Although Spring had sprung Winter made sure to let us know that he was not ready to leave just yet and the Wednesday was a particularly cold and wet day with a wind fierce enough to keep the keenest birder indoors.
Fortunately Thursday dawned overcast and chilly but with a beautiful calmness in the air, not even a gentle zephyr blew.
Twelve of us gathered at the parking area next to the old farm houses at Sunbird Centre for the first official Cape Bird Club outing since the lockdown on 27th March. It was good to see familiar faces and meet the new members who had joined the club just before the restrictions commenced.
We started off along the road towards the turnoff up the hill through the old farm fields with the tangle of bushes and trees on the sand dunes to our right and the Silvermine River in full spate on our left. Cape Bulbul, Southern Fiscal, Southern Double-collared Sunbird and Southern Boubou were seen, whilst a Cape Grassbird and Karoo Prinias were singing merrily and eventually showed themselves well. A Yellow Bishop flew past and perched on a reed but unfortunately did not stay long enough for better views.
A Jackal Buzzard, one of a pair that inhabits the area, was flying over the ridge of Peers Hill accompanied by two White-necked Ravens.
The gentle climb up through the fields saw us squinting into the sun looking for the Malachite Sunbird, Cape Grassbird and Cape Sugarbird calling amongst the fynbos bushes. All were eventually seen. Noticeable by its absence was Orange-breasted Sunbirds, which seem to be few and far between. A Cape Turtle Dove (Ring-necked Dove) was also calling and eventually flew into a dry tree to catch a bit of sun.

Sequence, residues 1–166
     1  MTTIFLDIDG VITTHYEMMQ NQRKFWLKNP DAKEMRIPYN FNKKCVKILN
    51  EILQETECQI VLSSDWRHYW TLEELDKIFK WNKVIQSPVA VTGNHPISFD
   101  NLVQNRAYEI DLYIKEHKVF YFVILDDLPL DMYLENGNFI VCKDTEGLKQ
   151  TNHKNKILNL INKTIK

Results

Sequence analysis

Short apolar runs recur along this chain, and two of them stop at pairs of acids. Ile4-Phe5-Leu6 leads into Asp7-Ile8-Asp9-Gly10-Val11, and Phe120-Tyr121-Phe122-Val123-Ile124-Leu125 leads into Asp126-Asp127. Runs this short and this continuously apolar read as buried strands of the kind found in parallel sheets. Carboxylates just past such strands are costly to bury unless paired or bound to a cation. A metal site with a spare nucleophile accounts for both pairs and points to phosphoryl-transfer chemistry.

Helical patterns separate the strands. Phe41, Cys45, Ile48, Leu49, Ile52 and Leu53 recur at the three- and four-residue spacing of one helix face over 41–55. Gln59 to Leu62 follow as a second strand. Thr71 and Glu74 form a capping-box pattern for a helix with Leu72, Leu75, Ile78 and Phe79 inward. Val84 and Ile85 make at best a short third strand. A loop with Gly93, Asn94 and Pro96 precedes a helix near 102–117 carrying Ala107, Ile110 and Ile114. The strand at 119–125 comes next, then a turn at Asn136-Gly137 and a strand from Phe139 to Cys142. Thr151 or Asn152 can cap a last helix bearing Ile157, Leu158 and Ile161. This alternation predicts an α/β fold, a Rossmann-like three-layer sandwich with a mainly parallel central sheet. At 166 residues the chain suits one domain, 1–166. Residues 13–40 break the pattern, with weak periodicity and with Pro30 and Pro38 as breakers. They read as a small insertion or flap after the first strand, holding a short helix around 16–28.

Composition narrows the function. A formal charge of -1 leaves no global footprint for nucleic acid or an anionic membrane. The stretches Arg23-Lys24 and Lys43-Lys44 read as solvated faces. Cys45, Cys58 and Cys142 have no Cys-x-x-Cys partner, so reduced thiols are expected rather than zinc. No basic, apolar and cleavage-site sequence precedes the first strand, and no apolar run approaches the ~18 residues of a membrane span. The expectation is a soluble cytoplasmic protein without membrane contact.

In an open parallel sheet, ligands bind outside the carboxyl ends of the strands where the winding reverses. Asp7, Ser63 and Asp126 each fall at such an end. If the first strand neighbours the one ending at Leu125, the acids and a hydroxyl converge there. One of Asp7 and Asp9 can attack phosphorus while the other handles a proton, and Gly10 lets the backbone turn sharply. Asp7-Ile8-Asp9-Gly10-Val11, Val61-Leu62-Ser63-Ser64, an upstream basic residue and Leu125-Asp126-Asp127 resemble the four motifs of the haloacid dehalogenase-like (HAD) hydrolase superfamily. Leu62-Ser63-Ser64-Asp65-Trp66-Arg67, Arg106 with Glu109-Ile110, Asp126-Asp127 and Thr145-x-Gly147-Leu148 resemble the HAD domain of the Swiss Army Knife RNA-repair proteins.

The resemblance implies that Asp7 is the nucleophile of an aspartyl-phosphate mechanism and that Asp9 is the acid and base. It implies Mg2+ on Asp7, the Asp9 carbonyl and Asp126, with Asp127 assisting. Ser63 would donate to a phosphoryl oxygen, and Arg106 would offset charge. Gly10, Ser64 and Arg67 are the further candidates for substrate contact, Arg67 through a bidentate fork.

Whilst scanning the vegetation for the Bar-throated Apalis pair Lynette noticed a boomslang sunning itself on the top of a tangle. Earlier we had seen a grey mongoose going about its business along the path. It is always good to see other creatures whilst out birding.
By the time we had reached the ruins of some old farm buildings it was baking hot and winter jackets and jerseys were having to be taken off. A Jackal Buzzard was seen perched on top of a dead tree just across the river and almost at eye level giving everyone a good chance to get up close with the binoculars and cameras.
Alpine and African Black Swifts were flying above us and were low enough to see well. Not so low was a Rufous-chested Sparrowhawk soaring into the sun. A lone Greater Striped Swallow was seen speeding away over the hill.
All in all 35 species were seen and heard (Sombre Greenbull and Bokmakierie)
My thanks to you all for joining me.
Report by Gillian Barnes.
Photographs by Daryl and Lynette de Beer.